Getting out of breath isn’t always a sign that something is wrong. In fact, it can be perfectly normal – after strenuous exercise, for instance.
But there are occasions when breathlessness is a symptom of ill health, like lung disease.
Breathe Easy Week last week celebrated the 30th anniversary of the British Lung Foundation (BLF), and the charity is urging anyone suffering from this symptom – but ignoring it – to visit their GP.
What exactly is lung disease?
“It’s a collection of diseases that change the lungs, either by reducing the amount of oxygen they are able to take in, or changing the way that they function,” says Dr Steve Iley, a medical director at Bupa UK.
“Broadly speaking, there are two main types of lung disease; those that change the way that the lungs operate – such as asthma – and those which cause changes to the lung tissue itself, like lung cancer. And there’s chronic obstructive pulmonary disease (COPD), which is a combination of the two types.”
These diseases affect an awful lot of people. Lung cancer kills 35,000 every year in the UK alone and there are more than nine million people suffering from COPD and asthma. Other, lesser known, lung diseases include idiopathic pulmonary fibrosis (IPF), which kills around 5000 people a year, yet has no known cause or cure, and mesothelioma, the asbestos-related cancer of the lung lining, which kills half as many again, often within months of diagnosis.
What causes lung disease?
“Because the lungs’ primary purpose is to move air in and out of the body, anything in that air can potentially impact them and cause lung disease,” Dr Iley continues. “Cigarette smoke can cause lung cancer and COPD, pollution can irritate the lungs and cause lung diseases, and even bakers who are exposed to flour may get lung diseases as a result of flour getting into their lungs.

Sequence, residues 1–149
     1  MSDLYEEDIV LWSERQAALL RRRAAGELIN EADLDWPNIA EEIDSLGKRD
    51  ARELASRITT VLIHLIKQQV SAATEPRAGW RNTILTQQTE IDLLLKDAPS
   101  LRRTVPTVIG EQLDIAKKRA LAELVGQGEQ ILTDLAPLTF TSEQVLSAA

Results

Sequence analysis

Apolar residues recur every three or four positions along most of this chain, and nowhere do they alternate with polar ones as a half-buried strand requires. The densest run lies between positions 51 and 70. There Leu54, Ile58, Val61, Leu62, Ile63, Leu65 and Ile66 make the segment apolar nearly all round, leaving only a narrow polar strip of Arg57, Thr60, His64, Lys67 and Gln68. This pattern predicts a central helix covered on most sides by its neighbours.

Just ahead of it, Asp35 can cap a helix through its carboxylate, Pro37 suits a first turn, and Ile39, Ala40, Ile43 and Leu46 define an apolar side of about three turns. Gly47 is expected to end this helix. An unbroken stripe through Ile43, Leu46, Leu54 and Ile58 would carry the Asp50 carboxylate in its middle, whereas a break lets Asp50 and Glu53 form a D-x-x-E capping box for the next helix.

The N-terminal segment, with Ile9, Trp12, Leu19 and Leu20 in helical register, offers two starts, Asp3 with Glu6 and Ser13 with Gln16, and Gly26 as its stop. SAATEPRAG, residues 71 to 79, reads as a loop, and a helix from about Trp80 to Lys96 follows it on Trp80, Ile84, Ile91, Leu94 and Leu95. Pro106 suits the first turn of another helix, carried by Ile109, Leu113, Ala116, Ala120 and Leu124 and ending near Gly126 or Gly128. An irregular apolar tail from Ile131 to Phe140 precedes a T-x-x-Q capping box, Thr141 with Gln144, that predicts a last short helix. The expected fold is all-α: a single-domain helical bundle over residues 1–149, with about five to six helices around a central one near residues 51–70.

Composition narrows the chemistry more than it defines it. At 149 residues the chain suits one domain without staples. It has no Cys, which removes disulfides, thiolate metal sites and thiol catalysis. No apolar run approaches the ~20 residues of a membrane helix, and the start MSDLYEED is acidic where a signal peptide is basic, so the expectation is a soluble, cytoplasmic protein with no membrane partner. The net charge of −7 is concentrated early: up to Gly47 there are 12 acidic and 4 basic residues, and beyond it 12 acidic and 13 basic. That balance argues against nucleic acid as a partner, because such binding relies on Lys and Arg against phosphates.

“Causes can also be genetic – for example, cystic fibrosis, which mainly affects the lungs.”
What are the symptoms?
There are lots of potential symptoms, and they vary greatly for different forms of lung disease, but may include:
• A cough that lasts more than three weeks;
• Blood in mucus or phlegm;
• Pain or unexplained weight loss;
• A tight chest;
• Producing more mucus or phlegm than usual;
• A lump in the neck.
“Some of these symptoms, such as a cough that lasts more than three weeks, or feeling breathless through non-strenuous exercise, are things that people often ignore,” says Alistair Martin, head of policy, media and campaigns at the BLF.
“However, you should always get these checked out by a doctor – it may be nothing, but if there is something that might need medical attention, it’s always better to get it diagnosed sooner rather than later.”
Is there a cure?
There’s no quick fix for many lung conditions, but the earlier someone is diagnosed, the better they can be treated, and the greater your chances of maintaining a good quality of life.
“Without exception, everyone with a lung disease should stop smoking,” states Dr Iley.
“Any other exposure to environmental factors, like pollen and pollution, should also be reduced. It’s also worth people checking that they are taking their treatment correctly – for example, knowing the right way to use an inhaler.
“People can also exercise their lungs to make them fitter, be this through regular exercise or specialist respiratory physiotherapy.”
• For advice on other aspects of tackling lung disease, you can call the British Lung Foundation helpline on 03000 030 555 and visit www.blf.org.uk